The world of music can hardly make it without ‘beefs’ and ‘diss’ songs; they are characteristics of any viable industry.
As humans, we are bound to engage in disagreements, divergent opinions and scuffles and they culminate into ‘beefs’ – and as artists, one of the best ways they express their disdain or contempt for each other is via ‘diss’ songs.
The year 2016 witnessed some beefs/diss songs but just a few made the headlines and got almost everybody interested.
Here, www.entertainmentgh.com has outlined the biggest, headline-grabbing and most-talked-about beefs/diss songs in Ghanaian music for 2016 – and they are in numerical order with a verdict on eventual winners.
Of course, this is our compilation, you can agree, disagree or add your list, however, if you still have an issue with our list, you can go hug a transformer!
There was talk of ‘beef’ between the two leading female dancehall acts, who were said to be feuding over the bragging rights to the title, ‘Dancehall Queen’.
The supposed beef came to the fore when Kaakie released the diss song, ‘Sankwas’ – taking shots at other females in the fraternity.
The second diss song from Kaakie was not pretty. It took direct salvos at MzVee and E.L was not spared in the assault.
Winner: Kaakie (For the zeal, confidence and guts displayed in the diss dongs coupled with strong wordplay)
The one-time good friends fell out when the fans of Shatta Wale passed on some insinuations on the boss of AMG Business. After accusing the dancehall ‘supremo’ of his refusal to check his fans, Criss Waddle released the diss song, ‘Opana’.
The SM fans drilled the final nail to Waddle’s coffin with various memes on social media.
Winner: Shatta Wale (the song was a banger; dance-able tune with career-threatening jabs that left his foe bruised)
For some time, D-Black had suffered all manner of cynicism from his former friend, Wanlov Kubolor but never responded, but, when the latter raised issues with D-Black’s inclusion on MTVBase Africa’s list of the ‘Hottest MCs in Ghana’ – it was a call to action.
D-Black’s diss track, ‘The List’ was unexpected. It was different as it came as raw as the 1960s hip hop battles on the streets of Harlem – no beat box, no production.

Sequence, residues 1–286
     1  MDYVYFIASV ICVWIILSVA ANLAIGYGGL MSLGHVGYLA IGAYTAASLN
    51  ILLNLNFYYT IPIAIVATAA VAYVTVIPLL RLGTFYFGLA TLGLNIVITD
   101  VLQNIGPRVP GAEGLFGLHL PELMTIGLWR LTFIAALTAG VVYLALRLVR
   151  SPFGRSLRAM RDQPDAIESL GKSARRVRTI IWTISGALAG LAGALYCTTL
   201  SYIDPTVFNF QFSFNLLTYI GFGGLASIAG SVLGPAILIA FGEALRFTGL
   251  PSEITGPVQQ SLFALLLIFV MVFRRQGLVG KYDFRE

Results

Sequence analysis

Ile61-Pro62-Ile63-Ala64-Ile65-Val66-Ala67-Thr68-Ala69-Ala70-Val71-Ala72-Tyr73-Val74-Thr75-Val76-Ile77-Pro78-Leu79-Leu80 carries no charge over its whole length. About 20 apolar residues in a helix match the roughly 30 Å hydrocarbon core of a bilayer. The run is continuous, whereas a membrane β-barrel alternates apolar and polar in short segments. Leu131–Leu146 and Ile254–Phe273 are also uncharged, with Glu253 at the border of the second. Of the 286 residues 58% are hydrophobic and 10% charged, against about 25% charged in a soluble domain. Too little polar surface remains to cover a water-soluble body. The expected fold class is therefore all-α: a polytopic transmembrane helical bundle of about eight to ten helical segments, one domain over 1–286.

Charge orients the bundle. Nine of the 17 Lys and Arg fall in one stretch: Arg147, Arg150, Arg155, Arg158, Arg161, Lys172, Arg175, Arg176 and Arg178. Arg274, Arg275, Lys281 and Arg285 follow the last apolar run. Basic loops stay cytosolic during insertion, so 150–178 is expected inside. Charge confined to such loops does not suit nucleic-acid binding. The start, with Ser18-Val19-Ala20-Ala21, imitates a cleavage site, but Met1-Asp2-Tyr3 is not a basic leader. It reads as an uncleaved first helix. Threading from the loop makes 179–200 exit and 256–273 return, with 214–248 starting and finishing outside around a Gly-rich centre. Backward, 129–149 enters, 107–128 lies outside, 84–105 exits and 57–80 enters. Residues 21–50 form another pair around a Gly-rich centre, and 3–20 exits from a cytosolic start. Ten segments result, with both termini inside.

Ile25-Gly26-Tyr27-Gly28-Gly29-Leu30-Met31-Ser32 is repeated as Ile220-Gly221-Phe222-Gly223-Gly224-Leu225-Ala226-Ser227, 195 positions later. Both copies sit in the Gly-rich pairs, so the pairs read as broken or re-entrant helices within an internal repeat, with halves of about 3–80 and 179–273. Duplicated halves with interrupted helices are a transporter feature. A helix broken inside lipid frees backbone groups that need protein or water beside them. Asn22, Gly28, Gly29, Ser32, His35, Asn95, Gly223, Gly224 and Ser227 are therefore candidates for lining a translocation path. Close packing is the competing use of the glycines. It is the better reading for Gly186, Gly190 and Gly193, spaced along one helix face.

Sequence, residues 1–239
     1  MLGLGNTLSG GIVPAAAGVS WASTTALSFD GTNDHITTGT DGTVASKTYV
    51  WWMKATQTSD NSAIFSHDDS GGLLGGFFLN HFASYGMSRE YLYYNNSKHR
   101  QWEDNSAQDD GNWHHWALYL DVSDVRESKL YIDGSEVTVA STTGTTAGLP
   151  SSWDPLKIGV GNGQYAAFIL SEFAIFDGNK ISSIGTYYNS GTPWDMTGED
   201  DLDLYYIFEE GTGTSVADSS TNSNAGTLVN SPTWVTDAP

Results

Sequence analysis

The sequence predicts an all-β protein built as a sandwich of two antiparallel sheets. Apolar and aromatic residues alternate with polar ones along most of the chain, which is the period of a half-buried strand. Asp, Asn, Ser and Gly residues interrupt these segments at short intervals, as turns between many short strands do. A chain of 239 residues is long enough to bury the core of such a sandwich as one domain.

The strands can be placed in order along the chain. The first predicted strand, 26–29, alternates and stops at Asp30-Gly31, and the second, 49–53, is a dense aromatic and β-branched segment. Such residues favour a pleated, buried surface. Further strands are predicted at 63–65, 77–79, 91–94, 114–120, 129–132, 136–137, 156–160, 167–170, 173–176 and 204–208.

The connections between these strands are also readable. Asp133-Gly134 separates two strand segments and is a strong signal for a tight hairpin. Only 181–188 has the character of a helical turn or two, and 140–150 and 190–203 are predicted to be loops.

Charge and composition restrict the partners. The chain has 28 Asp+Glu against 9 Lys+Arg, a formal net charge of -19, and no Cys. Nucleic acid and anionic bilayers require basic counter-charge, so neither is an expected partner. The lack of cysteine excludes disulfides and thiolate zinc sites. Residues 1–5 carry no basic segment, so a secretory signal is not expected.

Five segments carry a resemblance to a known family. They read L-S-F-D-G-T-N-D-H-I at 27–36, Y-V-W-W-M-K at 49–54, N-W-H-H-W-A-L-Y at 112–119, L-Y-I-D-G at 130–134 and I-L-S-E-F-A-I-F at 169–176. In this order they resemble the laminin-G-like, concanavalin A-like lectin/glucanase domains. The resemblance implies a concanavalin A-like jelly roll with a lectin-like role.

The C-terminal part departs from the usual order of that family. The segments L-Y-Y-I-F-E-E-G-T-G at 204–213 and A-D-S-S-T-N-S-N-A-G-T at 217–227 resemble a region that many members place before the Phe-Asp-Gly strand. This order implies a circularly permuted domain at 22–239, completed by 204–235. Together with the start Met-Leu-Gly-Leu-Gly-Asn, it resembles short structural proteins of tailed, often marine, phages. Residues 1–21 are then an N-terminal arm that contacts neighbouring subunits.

The ‘diss song’ virtually tore Wanlov into pieces; an assault on his relevance as an artist, his struggle with family, monetary issues and his sexuality.
Wanlov’s delayed reaction took the excitement out of the ‘battle’ and his response- ‘Ah Well’ was a good effort but was not venomous or lethal. His references to the late Komla Dumsor and D-Black unable to write his own songs were weak.
Winner: D-Black (It was different and fierce, had so many holes being punched in Wanlov’s persona and the flow on was point)
When two elephants get into a fight, it is the grass that suffers – our elders say. In this case, when two lyrically-gifted artists were engaged in a lyrical battle, there was no affliction on the fans but inestimable excitement!
This beef got the whole Ghana talking; from Kumasi to Bole –Bamboi to Asankragwa. Even Politicians were all roped into the feud for lyrical supremacy.
The response diss song from swift, maybe too quick as ‘Kanta’ was supposed to neutralize the waves ‘godMC’ was making but it ended up giving Manifest more prominent.
There was no qualms about the lyrical dexterity that was exhibited on the 2 diss tracks, but, ‘Kanta’ was subjected to too much lyrical scrutiny and that, is not good for any lyrical battle.
Winner: Manifest (Nobody has ever come at Sarkodie as hard as Manifest did. The bravado, the classy wordlay and punchlines were over the top and regardless of what SarkNation fans did to sway opinions, it was too late – their ‘King’ had tasted his first L).
Source : GhanaMusic.com